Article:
Americas

Biden signs the stimulus bill hours before a prime-time address kicking off a campaign to sell it to the public.

By Jim Tankersley, Michael D. Shear, Thomas Kaplan and Katie Rogers

President Biden signed the $1.9 trillion economic relief package on Thursday afternoon, ushering in an aggressive infusion of federal aid in a far-reaching effort to address the toll of the coronavirus pandemic.

“This historic legislation is about rebuilding the backbone of this country,” Mr. Biden said, “and giving the people of this nation, working people, the middle class folks, people who built the country a fighting chance.”

Mr. Biden had originally been scheduled to sign the bill on Friday, after it had been reviewed again and printed. But the president and his advisers, aware that low- and middle-income Americans are desperate for the round of direct payments that the bill includes, moved up the timeline to Thursday afternoon.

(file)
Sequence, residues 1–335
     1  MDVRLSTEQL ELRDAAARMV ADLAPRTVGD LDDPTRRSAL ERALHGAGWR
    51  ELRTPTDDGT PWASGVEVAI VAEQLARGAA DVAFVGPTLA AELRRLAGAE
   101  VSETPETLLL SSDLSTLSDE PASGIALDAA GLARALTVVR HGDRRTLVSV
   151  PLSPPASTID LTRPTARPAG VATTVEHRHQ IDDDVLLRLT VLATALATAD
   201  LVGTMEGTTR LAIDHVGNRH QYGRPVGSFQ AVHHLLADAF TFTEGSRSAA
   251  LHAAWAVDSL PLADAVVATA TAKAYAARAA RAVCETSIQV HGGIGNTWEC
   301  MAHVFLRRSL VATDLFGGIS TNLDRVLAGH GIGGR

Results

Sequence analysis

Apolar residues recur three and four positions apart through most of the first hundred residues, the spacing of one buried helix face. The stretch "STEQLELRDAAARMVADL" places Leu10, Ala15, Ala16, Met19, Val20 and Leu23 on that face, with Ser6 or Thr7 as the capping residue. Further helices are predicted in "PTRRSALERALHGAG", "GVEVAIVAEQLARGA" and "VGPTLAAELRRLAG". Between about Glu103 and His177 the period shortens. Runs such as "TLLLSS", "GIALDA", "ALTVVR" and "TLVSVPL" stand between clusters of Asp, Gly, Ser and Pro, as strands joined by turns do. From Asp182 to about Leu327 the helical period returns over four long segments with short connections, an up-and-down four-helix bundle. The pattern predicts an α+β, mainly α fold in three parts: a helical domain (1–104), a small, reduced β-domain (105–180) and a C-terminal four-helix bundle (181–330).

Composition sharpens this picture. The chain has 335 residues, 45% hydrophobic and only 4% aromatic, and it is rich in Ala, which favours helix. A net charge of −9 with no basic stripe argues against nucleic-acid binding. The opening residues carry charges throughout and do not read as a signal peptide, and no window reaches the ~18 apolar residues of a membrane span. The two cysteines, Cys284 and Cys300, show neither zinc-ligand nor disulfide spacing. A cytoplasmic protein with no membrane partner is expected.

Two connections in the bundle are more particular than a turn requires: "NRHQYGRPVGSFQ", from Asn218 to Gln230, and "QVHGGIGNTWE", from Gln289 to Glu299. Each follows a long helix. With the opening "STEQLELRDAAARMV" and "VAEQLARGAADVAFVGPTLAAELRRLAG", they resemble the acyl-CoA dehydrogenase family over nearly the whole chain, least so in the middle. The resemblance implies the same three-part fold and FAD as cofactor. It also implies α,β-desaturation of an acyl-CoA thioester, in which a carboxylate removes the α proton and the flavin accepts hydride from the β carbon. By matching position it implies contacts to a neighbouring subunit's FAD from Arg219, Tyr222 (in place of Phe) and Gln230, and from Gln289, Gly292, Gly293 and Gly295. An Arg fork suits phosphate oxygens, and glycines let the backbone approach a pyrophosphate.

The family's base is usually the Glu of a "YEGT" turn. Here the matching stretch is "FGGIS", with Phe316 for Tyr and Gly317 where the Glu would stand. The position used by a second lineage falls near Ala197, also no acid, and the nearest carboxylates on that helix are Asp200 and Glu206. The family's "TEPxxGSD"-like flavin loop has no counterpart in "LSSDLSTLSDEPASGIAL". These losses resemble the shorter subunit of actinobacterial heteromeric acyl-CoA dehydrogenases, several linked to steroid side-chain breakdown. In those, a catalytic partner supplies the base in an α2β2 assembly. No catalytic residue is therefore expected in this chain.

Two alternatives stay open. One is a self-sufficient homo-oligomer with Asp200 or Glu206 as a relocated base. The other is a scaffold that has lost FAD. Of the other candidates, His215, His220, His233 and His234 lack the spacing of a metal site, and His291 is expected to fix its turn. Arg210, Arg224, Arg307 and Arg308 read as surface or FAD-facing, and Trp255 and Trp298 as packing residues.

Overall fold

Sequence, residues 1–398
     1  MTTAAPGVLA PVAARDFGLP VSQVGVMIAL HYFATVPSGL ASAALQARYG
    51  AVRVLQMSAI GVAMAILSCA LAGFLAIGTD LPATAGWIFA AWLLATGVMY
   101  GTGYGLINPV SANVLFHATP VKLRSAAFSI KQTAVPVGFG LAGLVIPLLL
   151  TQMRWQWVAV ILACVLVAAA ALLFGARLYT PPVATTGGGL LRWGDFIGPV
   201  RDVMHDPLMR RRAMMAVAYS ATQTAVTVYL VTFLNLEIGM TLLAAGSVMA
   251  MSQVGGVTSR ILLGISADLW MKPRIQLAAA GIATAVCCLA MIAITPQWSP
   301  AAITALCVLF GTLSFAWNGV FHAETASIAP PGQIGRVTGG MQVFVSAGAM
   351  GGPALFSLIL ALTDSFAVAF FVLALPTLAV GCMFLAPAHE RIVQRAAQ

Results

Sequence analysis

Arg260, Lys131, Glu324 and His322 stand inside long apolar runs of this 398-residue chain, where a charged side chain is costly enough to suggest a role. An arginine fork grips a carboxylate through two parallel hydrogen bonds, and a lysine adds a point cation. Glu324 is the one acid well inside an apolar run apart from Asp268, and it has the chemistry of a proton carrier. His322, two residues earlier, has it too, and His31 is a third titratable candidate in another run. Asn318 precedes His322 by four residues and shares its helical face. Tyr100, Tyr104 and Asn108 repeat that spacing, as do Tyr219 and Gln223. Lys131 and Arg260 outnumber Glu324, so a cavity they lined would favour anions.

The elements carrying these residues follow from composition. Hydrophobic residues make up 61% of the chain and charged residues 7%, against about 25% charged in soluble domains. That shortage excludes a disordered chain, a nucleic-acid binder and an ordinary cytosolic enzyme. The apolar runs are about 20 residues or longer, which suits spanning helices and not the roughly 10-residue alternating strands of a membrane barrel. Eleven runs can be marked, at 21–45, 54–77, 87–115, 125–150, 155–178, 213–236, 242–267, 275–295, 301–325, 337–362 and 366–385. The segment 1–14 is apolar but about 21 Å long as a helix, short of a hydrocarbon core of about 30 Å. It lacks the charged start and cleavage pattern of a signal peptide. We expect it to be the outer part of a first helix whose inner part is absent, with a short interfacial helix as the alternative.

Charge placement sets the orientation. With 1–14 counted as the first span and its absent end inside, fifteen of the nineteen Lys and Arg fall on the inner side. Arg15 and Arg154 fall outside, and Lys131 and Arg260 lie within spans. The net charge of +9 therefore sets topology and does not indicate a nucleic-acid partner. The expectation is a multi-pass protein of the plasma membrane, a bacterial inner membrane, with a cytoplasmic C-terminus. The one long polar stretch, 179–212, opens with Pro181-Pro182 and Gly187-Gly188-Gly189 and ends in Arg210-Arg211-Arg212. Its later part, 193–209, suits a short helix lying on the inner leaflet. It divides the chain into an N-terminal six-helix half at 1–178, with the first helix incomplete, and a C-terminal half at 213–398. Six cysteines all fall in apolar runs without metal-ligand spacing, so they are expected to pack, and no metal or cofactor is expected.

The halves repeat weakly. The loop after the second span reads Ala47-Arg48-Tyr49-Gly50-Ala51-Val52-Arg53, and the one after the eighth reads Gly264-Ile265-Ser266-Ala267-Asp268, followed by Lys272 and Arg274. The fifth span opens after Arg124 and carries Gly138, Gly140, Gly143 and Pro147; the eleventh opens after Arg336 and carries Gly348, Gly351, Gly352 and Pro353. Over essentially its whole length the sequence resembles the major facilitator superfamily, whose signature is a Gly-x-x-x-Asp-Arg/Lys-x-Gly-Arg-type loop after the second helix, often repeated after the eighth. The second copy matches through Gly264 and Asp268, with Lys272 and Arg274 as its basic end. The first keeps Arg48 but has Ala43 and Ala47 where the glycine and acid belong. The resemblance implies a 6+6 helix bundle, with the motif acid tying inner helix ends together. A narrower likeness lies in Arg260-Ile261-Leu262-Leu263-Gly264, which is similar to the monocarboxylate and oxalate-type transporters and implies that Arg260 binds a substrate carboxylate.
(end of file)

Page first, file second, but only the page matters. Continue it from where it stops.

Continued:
Ron Klain, Mr. Biden’s chief of staff, wrote on Twitter earlier on Thursday that the enrolled bill arrived at the White House on Wednesday night and that the president would sign it a day earlier than planned because they wanted “to move as fast as possible.”

But he added, “We will hold our celebration of the signing on Friday, as planned, with Congressional leaders!”

The president signed the measure in the Oval Office hours before he is set to deliver a prime-time televised address on Thursday night, kicking off an aggressive campaign to inform voters of the benefits that are coming to them through the relief package.

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